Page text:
Between the Beats

A new technology, bioelectric impedance cardiography (ZCG), which assesses blood flow in the chest to make inferences about heart function, may lead to a new way to identify heart problems. Now, with the help of the Health Sciences Emerging Scholars grant, George Washington University’s Josh Woolstenhulme, Ph.D., D.P.T., looks to prove the effectiveness of that technology.

Illustration of a man with computer

Woolstenhulme, an assistant professor in the Department of Physical Therapy and Health Care Sciences, explains that ZCG is different from traditional tools used to assess heart function because it relies on the electrical impedance of blood in the chest to determine how much blood is pumped out of the heart during each beat.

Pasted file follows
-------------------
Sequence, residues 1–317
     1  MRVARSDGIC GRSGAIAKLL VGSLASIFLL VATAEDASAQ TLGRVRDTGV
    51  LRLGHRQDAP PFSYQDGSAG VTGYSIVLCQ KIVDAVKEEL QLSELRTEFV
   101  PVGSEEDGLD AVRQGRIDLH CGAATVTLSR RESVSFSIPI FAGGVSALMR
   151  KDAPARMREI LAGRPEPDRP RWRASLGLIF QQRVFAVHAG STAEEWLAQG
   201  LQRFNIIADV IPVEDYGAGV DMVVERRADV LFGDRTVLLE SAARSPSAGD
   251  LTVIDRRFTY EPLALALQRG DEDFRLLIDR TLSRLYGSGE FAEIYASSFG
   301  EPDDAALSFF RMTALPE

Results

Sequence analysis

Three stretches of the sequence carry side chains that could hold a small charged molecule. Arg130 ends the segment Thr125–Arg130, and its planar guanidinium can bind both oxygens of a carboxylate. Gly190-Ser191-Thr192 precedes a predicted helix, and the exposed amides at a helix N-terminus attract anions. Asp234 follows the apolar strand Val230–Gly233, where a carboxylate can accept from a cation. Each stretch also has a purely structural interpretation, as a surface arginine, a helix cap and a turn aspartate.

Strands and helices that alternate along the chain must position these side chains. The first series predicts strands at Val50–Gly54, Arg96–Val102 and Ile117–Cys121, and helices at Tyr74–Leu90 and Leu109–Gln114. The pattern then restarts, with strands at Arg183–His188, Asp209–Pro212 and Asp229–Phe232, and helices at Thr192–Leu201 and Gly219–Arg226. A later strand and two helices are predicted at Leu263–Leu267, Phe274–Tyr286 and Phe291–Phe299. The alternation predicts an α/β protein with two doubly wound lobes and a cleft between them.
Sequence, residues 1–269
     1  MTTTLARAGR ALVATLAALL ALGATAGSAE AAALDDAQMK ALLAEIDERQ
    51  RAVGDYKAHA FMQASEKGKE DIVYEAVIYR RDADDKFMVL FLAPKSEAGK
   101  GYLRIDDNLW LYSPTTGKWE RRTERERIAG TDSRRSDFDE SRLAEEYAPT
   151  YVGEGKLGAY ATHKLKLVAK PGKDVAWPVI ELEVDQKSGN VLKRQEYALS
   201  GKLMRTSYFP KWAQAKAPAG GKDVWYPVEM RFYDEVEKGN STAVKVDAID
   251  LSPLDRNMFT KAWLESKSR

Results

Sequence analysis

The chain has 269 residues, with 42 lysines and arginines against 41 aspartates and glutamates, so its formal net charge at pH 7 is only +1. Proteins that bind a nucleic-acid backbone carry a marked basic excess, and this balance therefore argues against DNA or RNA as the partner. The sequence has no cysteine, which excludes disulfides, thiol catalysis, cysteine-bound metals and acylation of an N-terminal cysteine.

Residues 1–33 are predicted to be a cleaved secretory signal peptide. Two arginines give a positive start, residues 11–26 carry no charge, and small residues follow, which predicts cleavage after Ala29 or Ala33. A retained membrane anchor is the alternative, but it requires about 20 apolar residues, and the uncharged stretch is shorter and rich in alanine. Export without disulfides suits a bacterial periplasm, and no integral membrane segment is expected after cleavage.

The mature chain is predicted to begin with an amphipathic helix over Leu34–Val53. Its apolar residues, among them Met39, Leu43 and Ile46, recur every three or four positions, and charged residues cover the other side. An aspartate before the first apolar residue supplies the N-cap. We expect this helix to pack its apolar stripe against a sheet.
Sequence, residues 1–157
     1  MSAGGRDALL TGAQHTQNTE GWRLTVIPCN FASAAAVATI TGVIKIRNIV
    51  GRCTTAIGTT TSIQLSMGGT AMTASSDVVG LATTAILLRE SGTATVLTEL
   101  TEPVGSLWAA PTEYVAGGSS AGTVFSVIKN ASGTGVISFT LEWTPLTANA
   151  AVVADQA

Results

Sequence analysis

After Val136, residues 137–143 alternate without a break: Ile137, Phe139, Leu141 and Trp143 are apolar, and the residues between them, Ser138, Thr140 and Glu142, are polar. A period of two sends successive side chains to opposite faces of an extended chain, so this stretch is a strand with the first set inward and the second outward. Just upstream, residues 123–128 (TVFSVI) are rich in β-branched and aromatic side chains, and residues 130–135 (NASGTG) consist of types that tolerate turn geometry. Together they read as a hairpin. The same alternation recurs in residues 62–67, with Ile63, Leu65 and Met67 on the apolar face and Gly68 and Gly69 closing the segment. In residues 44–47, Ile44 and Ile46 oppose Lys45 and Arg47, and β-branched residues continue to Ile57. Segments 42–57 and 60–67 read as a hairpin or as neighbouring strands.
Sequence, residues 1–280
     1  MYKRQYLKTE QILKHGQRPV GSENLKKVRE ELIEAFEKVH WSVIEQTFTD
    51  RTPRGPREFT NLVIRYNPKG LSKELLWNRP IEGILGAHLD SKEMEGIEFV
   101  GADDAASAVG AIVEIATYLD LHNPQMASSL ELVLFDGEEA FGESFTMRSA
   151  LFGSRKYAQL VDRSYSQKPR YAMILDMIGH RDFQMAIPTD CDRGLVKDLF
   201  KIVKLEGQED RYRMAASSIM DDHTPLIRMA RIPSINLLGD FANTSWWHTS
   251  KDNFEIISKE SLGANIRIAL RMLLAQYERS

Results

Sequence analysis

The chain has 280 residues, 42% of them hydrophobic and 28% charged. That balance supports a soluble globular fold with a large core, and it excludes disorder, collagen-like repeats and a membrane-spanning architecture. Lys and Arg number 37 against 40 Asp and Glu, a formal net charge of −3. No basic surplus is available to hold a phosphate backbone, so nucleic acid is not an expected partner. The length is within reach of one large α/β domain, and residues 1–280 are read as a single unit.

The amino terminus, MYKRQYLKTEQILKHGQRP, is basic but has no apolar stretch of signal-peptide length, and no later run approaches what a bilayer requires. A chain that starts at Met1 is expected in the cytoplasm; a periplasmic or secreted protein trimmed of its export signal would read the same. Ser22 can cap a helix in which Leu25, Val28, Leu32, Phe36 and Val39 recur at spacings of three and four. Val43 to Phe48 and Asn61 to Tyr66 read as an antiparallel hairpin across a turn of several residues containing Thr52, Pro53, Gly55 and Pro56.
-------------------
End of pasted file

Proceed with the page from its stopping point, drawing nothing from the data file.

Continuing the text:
The primary focus of Woolstenhulme’s project is to validate the use of ZCG to assess diastolic function — the part of the heart cycle when the heart is between beats and filling with blood — while a patient is at rest, and while he or she is exercising. Validating the technology for this purpose might enable clinicians to better identify the presence of diastolic dysfunction.

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